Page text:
Florida Gov. Rick Scott said Monday he is suing the federal government to gain access to a federal immigration database.

The lawsuit represents the latest skirmish in an intensifying dispute over Florida's attempt to pare non-citizens from the voter rolls. The U.S. Department of Justice has ordered Florida to suspend the process, saying it violates a provision of the U.S. Voting Rights Act requiring certain counties with histories of voter discrimination -- some of them in Florida -- to get federal clearance before changing their voting procedures. Scott, a Republican, has already defied that order.

Shortly after the state filed suit, the Justice Department said it had initiated steps to sue Florida for violating federal voting laws, Reuters reported. 

Filed in a U.S. District Court in Washington, D.C., Florida's lawsuit accused the federal government of preventing the state from being able to check the citizenship status of voters by denying it access to a U.S. Department of Homeland Security database listing information on U.S. citizens.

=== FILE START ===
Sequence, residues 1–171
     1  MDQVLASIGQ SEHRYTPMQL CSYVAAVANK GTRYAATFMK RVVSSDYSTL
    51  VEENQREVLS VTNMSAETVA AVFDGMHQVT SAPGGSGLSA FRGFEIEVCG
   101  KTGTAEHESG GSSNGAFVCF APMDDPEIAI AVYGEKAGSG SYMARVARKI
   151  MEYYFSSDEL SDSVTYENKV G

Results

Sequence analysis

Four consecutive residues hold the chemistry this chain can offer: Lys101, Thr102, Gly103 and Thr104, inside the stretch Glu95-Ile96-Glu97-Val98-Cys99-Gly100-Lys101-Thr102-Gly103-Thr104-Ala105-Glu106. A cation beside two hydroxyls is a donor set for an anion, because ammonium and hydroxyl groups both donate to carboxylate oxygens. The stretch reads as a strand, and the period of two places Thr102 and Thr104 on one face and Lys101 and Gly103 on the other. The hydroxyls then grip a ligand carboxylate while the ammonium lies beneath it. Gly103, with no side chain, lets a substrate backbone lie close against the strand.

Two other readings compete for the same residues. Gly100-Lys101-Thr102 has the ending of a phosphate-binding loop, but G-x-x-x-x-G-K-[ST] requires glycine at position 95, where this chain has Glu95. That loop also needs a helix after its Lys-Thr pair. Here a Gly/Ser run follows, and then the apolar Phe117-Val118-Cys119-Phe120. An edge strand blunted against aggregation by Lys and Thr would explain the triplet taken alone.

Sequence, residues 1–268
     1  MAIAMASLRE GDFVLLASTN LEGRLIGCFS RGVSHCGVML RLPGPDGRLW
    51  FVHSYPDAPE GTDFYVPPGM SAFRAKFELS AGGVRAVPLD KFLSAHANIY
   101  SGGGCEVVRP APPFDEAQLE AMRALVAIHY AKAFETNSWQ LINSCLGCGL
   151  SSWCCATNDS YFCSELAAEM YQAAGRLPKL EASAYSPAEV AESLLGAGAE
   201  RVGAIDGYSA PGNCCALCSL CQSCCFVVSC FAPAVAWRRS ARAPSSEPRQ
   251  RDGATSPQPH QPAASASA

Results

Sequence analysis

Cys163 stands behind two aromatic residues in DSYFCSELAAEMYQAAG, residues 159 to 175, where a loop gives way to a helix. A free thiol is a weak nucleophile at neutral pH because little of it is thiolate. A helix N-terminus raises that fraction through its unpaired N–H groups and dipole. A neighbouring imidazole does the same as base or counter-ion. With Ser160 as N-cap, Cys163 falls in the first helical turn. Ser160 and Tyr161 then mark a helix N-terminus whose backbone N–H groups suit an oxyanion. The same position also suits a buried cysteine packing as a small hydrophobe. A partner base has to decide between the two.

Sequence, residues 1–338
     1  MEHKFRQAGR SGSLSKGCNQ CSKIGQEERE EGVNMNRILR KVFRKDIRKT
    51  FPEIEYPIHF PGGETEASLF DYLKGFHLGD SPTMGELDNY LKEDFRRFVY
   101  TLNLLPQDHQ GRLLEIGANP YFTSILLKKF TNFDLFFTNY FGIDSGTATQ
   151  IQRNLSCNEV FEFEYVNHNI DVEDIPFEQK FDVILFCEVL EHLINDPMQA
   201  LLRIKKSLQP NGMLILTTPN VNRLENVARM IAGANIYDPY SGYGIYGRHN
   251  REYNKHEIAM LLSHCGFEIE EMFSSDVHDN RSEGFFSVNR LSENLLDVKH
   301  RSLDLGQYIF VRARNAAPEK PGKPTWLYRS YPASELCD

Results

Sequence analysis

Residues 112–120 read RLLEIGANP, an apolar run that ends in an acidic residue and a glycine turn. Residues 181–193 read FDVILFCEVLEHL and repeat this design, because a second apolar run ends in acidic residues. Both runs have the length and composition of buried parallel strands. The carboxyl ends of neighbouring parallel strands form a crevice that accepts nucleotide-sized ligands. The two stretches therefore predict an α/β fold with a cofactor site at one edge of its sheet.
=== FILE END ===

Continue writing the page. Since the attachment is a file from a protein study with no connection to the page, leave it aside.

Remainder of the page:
For nearly a year, the U.S. Department of Homeland Security has failed to meet its legal obligation to provide us the information necessary to identify and remove ineligible voters from Florida's voter rolls, Florida Secretary of State Ken Detzner said in a statement.

We can't let the federal government delay our efforts to uphold the integrity of Florida elections any longer, he said.

State officials have defended the purge as an attempt to ensure the integrity of the vote, but county election supervisors in Florida have found that many of the allegedly ineligible voters identified by the state were in fact U.S. citizens. Citing those errors, most supervisors are refusing to continue.

Florida officials have said being able to cross-check their list against a federal compilation of immigration data would eliminate such inaccuracies, and Scott said he was planning to sue the Department of Homeland Security to gain access to the Systematic Alien Verification for Entitlements, or SAVE, program.

We want to have fair, honest elections in our state, so we've been put in a position that we have to sue the federal government to get this information, Scott told Fox News' Neil Cavuto, saying he had directed the Florida Secretary of State's Office to file a lawsuit against the federal Department of Homeland Security.